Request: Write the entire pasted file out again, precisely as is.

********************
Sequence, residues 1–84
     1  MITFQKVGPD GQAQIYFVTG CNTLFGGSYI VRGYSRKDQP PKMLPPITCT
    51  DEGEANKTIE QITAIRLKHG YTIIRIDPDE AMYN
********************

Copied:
Sequence, residues 1–84
     1  MITFQKVGPD GQAQIYFVTG CNTLFGGSYI VRGYSRKDQP PKMLPPITCT
    51  DEGEANKTIE QITAIRLKHG YTIIRIDPDE AMYN